• You collect well-ripened hips from your single-variety wild roses in winter.
  • The rose hips are ripe from around the middle of October, from then on they are collected for rose hip jam.
  • If you want to collect seeds for sowing, you may have to wait even longer.
  • Because with these seeds it is important that they have already been exposed to a cold stimulus, that is, so to speak, the starting signal for germination.
  • The seeds can be placed immediately in potting soil, in poor, nutrient-free soil, about an inch deep.
  • The box with the potting soil is placed in a cool room (around 5 degrees) and kept moist, light is initially not necessary.
  • The first seedlings should appear after one to two months.
  • When the time comes, the seed box is moved to a bright place with higher temperatures.
  • These are allowed to grow until they have the first two to three pairs of leaves and have become somewhat strong.
  • Then the tiny roses are each planted in their own pot with nutrient-rich garden soil.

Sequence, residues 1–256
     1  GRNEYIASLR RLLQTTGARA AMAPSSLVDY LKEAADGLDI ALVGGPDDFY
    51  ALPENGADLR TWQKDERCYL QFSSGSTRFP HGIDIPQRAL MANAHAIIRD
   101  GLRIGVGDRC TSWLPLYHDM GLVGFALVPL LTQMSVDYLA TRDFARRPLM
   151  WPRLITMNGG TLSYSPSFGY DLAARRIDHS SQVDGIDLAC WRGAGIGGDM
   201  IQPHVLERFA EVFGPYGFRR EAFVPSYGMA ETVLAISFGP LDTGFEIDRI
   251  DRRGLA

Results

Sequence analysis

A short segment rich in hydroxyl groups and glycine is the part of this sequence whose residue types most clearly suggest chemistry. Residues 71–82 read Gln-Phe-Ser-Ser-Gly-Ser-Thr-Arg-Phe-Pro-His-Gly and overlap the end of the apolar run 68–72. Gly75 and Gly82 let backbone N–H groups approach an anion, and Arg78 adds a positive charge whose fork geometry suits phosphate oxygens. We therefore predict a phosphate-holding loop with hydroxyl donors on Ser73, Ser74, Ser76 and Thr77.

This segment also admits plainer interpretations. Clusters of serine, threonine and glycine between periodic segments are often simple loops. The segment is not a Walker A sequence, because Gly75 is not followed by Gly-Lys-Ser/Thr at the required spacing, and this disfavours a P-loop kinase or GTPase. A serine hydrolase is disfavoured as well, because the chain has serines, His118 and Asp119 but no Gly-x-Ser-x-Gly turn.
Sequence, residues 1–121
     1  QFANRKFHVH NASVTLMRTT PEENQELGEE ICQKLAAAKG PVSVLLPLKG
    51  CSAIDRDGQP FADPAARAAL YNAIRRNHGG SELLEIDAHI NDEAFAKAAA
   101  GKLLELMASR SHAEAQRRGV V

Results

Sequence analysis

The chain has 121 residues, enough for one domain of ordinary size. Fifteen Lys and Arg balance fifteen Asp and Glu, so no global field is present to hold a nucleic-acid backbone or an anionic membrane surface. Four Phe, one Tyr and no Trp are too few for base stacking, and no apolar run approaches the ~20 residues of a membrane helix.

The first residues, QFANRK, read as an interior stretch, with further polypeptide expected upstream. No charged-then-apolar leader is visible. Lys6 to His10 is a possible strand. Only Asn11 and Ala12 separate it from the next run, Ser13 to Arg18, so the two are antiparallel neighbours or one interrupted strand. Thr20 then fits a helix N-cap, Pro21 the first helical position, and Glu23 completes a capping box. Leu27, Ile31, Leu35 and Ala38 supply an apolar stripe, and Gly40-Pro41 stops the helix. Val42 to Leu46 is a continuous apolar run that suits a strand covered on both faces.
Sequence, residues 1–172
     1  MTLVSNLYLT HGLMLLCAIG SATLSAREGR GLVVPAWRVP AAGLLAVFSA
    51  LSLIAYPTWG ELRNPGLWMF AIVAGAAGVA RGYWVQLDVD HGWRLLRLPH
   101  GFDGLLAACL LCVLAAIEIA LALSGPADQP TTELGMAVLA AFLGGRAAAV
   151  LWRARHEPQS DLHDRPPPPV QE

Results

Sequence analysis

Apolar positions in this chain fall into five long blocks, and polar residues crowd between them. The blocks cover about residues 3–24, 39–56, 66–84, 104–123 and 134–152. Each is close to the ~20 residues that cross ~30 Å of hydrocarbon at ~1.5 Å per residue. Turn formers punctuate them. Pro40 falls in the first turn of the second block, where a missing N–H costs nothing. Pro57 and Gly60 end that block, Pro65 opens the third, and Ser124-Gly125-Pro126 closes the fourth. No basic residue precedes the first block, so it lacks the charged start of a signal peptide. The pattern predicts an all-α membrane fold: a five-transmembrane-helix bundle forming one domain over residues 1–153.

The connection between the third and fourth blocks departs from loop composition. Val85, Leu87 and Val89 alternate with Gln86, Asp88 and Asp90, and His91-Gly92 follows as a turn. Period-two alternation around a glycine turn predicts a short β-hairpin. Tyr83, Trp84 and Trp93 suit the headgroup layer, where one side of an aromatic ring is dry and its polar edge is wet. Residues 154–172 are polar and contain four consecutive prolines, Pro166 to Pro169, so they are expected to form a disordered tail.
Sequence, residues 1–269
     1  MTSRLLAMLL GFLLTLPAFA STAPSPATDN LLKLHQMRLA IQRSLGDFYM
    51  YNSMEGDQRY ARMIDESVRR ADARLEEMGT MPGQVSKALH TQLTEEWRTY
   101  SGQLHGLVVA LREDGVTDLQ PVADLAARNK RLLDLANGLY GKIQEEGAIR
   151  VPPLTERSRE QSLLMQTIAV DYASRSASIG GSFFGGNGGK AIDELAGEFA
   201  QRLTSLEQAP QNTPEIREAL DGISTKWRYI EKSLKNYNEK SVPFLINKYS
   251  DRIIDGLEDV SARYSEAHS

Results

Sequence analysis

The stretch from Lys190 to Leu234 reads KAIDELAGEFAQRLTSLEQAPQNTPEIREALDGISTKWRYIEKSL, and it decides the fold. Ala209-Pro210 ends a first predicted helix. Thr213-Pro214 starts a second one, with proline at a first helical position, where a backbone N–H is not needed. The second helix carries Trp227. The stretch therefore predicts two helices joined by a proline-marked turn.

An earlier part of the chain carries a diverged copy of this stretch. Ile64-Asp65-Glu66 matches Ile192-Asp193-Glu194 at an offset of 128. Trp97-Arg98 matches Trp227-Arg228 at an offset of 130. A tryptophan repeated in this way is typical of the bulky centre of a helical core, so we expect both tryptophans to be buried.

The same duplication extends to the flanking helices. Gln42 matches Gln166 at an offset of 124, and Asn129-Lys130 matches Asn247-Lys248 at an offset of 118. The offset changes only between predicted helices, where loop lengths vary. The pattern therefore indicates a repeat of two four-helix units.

• The small roses are “pinched” so that a beautiful, bushy rose bush develops:
  • The topmost shoot is cut off, with the fingernails or with tweezers, otherwise it would grow strongly upwards.
  • The rose should rather put its power in the shoot on the sides, we force it to do so by capping the top shoot.

With the timing given here, your little rose should be big enough to plant outdoors in mid-May. Please move to a nice sunny and sheltered place, the young plant is still quite sensitive.

Rose sowing experiments with hybrid roses

The sowing of varieties where you can be sure that the same plant as the sperm donor will develop has just been described. In order for this to work safely, you need seeds of varieties that were not grafted.